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digitalmars.D - Behaviour of unsigned cast

reply Henning Hasemann <hhasemann web.de> writes:
I've had several issues with this implicit cast unsigned and already
posted some here (the "is this inteded behaviour" is also a good example).

Now it has come to my mind that no matter if you like the implicity of such
a cast it is a bit strange that cast(uint)some_int in fact is a
*reinterpretation* of the same binary data whereas other casts (for example
cast(int)some_float) look at the meaning of the value and try
to find something close in the new type.

cast(uint) (and equivalents for other numeric types) is the only cast
I know of that does change meaning of the value in such a hard way
(all other casts that I'm aware of try to preserve meaning).

Im *not* saying it would be wise to have cast(uint) throw a runtime
error when it is called on a negative value (though there are situations
when this might be useful).
But maybe the compiler should warn whenever cast(uint) is used
(especially when this happens implicitly).

Henning
Apr 10 2007
parent reply Dan <murpsoft hotmail.com> writes:
Henning Hasemann Wrote:
 Im *not* saying it would be wise to have cast(uint) throw a runtime
 error when it is called on a negative value (though there are situations
 when this might be useful).
 But maybe the compiler should warn whenever cast(uint) is used
 (especially when this happens implicitly).

Walter so far has always tried not to use warnings. I agree with his reasons. I think it's okay to cast an int to a uint implicitly *only* if the number is known to be positive. Otherwise you're violating the semantics (value) of the number by casting it, and it should be explicit. Ultimately, this again comes down to proveable bounds checking, as you can't necessarily cast a uint to an int because of the case int.max..uint.max Somehow I don't see how cmp EAX, EBX knows what sign the operands are.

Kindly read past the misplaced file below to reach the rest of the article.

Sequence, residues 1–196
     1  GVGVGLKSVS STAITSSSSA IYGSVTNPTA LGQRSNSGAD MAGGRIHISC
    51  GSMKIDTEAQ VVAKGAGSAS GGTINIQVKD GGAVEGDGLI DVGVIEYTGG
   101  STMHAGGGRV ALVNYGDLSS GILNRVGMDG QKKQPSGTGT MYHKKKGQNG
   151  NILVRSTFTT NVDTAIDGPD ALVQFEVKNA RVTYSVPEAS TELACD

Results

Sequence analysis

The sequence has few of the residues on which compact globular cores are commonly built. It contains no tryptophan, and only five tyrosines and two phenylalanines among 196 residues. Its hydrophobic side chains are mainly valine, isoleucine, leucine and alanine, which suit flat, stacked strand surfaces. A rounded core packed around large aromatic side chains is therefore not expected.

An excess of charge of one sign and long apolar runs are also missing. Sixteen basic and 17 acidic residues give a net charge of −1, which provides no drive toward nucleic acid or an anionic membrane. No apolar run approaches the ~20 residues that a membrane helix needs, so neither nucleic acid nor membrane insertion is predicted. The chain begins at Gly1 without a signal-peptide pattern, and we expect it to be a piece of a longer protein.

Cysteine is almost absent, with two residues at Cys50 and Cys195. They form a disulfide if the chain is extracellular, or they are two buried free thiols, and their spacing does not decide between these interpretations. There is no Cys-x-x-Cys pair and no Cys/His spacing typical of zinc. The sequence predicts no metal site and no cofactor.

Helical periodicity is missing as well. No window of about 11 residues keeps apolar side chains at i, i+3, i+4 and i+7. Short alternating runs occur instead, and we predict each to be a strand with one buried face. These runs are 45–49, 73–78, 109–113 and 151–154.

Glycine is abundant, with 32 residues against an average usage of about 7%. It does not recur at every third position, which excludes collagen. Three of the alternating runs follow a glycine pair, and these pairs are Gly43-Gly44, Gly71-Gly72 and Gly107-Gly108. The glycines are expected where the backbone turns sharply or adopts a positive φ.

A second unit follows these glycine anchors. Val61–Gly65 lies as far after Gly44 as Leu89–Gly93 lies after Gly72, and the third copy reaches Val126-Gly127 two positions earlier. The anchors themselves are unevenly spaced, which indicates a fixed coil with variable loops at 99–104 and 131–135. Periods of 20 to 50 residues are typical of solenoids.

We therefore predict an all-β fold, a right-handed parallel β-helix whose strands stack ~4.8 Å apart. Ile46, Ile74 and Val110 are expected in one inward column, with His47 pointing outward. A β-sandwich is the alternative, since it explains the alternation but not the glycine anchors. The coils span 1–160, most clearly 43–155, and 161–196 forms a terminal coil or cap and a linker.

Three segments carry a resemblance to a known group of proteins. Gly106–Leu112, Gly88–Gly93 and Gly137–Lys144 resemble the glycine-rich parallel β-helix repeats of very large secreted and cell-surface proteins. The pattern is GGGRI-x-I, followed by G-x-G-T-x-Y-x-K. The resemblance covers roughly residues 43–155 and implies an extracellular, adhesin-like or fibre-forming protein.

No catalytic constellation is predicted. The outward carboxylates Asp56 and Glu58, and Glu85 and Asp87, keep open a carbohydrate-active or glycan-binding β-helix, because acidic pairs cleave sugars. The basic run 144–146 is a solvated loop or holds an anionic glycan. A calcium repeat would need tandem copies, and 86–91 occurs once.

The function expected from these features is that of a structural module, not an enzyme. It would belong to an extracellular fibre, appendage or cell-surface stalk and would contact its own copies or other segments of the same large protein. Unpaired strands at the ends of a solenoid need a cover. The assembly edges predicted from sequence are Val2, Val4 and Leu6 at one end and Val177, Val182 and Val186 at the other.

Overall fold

Apr 10 2007
parent reply Frits van Bommel <fvbommel REMwOVExCAPSs.nl> writes:
Dan wrote:
 Somehow I don't see how cmp EAX, EBX knows what sign the operands are.

It doesn't. "cmp" sets several flags, among others the carry (CF) and overflow (OF) flags. CF being 1 means that if the operands were unsigned there was an overflow condition. OF being 1 means that if they were signed there was an overflow condition. (Note that "cmp" is basically a non-modifying "sub", so "overflow" here means that EAX < EBX) If the program wants to know whether an overflow occurred it needs to check the value of the appropriate flag, typically using an appropriate conditional instruction (often a jump). Note that there is no such flag intended for mixed-signedness comparisons.
Apr 10 2007
parent reply "David B. Held" <dheld codelogicconsulting.com> writes:
Frits van Bommel wrote:
 Dan wrote:
 Somehow I don't see how cmp EAX, EBX knows what sign the operands are.

It doesn't. "cmp" sets several flags, among others the carry (CF) and overflow (OF) flags. CF being 1 means that if the operands were unsigned there was an overflow condition. OF being 1 means that if they were signed there was an overflow condition. (Note that "cmp" is basically a non-modifying "sub", so "overflow" here means that EAX < EBX) If the program wants to know whether an overflow occurred it needs to check the value of the appropriate flag, typically using an appropriate conditional instruction (often a jump). Note that there is no such flag intended for mixed-signedness comparisons.

So what do you guys think of mixed-sign arithmetic? +, - , *, /, etc? Does it cause you problems, or too convenient to give up? Dave
Apr 10 2007
parent Dan <murpsoft hotmail.com> writes:
David B. Held Wrote:
 So what do you guys think of mixed-sign arithmetic?  +, - , *, /, etc? 
 Does it cause you problems, or too convenient to give up?

It doesn't cause *me* problems because I only use unsigned values for loop inc/dec, enums, and such. I almost only ever use signed for numbers where the point is that it's a number. I've already said my opinion is that unsigned/signed math should be explicitly cast.
Apr 10 2007